The past year proved to be very eventful, with new leaders emerging, new projects starting or coming to fruition and some familiar faces stepping down after decades of service.
What has remained constant over the past year is that West Hollywood, Hollywood, the Miracle Mile, Melrose/Fairfax, Hancock Park, Windsor Square and the surrounding areas continue to be a vibrant hub at the center of the Los Angeles region. If 2014 was any indication, the community will continue to flourish in 2015.
The past year included many notable transitions, including the departure of two venerable local leaders — Congressman Henry Waxman and Los Angeles County Supervisor Zev Yaroslavsky, 3rd District — who announced their retirements in 2014 after decades of service. Yaroslavsky has been succeeded by Supervisor Sheila Kuehl, a longtime proponent of LGBT rights and sustainable environmental practices, while Waxman will be replaced by Ted Leiu, a California state senator from Torrance who previously represented communities from the South Bay to West Hollywood.
Other notable transitions included the departure of longtime West Hollywood City Councilman Jeffrey Prang, who was elected in November as Los Angeles County Assessor. Additionally, one of Prang’s colleagues on the city council — Abbe Land — has announced that she will not seek reelection in 2015.
Last year also began with some other big changes in local government — one linked to allegations of mismanagement, and the other stemming the loss of a venerable educator, Marguerite LaMotte, who passed away on Dec. 5, 2013, while representing the Los Angeles Unified School District’s 1st District. LaMotte’s position also remained vacant for months until longtime educator George McKenna was elected in August.
Los Angeles County Sheriff Lee Baca announced at the beginning of 2014 that he would be stepping down after receiving significant criticism of his handling of a scandal involving deputies at the Men’s Central Jail. News of his departure sparked campaigns by multiple longtime members of the sheriff’s department who sought to fill the position. A successor was chosen in the November election when a department outsider — former LAPD assistant chief and Long Beach Police Department chief Jim McDonnell — was elected as sheriff.
A beloved public official said goodbye in October when Capt. Eric Davis, commanding officer of the LAPD’s Wilshire Division for six years, retired after 33 years with the department. Davis was known for an affable personal style that helped him build bridges with many community members and organizations. He was replaced at the Wilshire Division by Capt. Howard Leslie, who is carrying on the tradition of community policing and partnerships.
Controversy surfaced early in 2014 in West Hollywood, when City Councilman John Duran led an effort in January to stop flying the city’s official flag with a rainbow symbol on government buildings and facilities. The move caused concern among residents, who said the flag is a source of pride and symbolism for the LGBT community. The city council later resolved the issue by replacing the flag, which was light blue, with a white flag with a rainbow insignia that was formerly only used on a limited basis.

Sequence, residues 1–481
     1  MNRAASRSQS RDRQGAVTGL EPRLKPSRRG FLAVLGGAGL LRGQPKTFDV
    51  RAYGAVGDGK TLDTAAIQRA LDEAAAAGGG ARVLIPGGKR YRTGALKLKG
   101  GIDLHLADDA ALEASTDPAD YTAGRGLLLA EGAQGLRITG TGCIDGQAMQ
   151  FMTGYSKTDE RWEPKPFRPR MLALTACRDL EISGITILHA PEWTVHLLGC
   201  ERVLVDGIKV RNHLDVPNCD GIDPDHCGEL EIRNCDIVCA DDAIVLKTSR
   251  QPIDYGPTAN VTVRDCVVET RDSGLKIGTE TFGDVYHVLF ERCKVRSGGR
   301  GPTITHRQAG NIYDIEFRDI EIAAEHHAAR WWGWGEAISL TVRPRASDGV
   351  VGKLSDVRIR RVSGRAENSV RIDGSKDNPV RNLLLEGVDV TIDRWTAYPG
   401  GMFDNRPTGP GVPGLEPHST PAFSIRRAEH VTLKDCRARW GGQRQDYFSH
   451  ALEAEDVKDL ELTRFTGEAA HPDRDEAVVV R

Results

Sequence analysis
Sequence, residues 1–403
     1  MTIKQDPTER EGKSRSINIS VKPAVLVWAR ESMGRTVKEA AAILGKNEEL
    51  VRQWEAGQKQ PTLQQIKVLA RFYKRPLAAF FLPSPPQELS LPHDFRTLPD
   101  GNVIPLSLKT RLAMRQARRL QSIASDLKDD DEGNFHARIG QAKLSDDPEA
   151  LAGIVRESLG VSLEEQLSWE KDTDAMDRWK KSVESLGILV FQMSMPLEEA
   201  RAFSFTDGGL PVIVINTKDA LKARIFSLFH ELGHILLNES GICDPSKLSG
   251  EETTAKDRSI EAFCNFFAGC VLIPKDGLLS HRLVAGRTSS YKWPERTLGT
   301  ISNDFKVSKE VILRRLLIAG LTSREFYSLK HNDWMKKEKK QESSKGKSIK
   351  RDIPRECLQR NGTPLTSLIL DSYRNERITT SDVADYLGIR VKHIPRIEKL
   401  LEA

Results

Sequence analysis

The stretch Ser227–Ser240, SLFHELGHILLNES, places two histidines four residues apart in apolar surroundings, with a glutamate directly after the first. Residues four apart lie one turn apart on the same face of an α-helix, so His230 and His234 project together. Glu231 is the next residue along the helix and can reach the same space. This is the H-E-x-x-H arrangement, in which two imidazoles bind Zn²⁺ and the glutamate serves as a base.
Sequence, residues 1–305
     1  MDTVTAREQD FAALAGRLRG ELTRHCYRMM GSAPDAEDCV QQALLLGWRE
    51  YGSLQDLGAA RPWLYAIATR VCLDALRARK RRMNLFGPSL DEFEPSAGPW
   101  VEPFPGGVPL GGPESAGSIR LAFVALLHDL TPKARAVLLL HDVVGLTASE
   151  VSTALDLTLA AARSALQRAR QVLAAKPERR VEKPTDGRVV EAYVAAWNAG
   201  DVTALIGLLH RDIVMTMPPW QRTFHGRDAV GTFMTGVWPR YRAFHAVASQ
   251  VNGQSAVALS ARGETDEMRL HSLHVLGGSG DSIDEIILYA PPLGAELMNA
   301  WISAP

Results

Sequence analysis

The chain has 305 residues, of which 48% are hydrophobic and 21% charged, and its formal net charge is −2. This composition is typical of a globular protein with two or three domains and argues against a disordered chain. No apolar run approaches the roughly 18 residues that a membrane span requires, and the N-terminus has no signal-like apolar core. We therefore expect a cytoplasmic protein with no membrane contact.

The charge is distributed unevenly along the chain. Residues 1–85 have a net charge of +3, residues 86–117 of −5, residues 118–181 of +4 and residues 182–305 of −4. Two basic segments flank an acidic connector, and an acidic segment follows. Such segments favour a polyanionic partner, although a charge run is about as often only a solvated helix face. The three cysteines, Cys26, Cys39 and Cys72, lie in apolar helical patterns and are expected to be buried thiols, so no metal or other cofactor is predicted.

Plummer Park proponents also had an eventful year, as the city council postponed plans to demolish Great Hall/Long Hall and make major changes at the park until new city council members are sworn in. The city lost redevelopment funding for a renovation project that would have overhauled the park, and any decision on the future of the site has been tabled until at least April.
The former Tower Records property at 8801 Sunset Blvd. was also in the news last year, when it was announced that Gibson Brands would be moving into the Tower building that was once an icon on the Sunset Strip. Many residents were hoping that a usage could be found that continues the property’s musical heritage, and they rejoiced at the news that the musical instrument manufacturer would be relocating to the site.
The city also celebrated its 30th anniversary in 2014, with local leaders looking back on the advocacy and origins that inspired West Hollywood’s founding in 1984 as a bastion of the LGBT community and a place where affordable housing was preserved for seniors and the Russian immigrant community.
Last February marked a somber period of time when a mother was struck and killed by a truck while walking her 9-year-old daughter to the Citizens of the World Middle School, which is located on the campus of Le Conte Middle School in Hollywood. The death sparked calls for more safety measures around schools, and later in the year, Councilman Mitch O’Farrell, 13th District, and City Attorney Mike Feuer spearheaded separate efforts to make school crossing safer throughout the city. The programs brought in new parent volunteers to escort children to and from campuses, as well as more crossing guards, crosswalks, signals and safety devices.
Safety and health was also on the minds of local leaders, when the Los Angeles City Council approved measures to ban e-cigarette sales to minors in February, as well as banning their usage in all public places where smoking is prohibited.
Tragedy struck the LAPD in March, when LAPD Officer Nicholas Lee, of the Hollywood Division, was struck and killed in his patrol car by a truck that lost control on Loma Vista Drive in Beverly Hills. Lee was a 16-year department veteran who was later memorialized with a special star and plaque in front of the police station. Authorities in Beverly Hills later closed the steep street to truck traffic after another LAPD officer, Det. Ernest Allen, of the Southwest Division, was struck by a truck and killed while driving in April.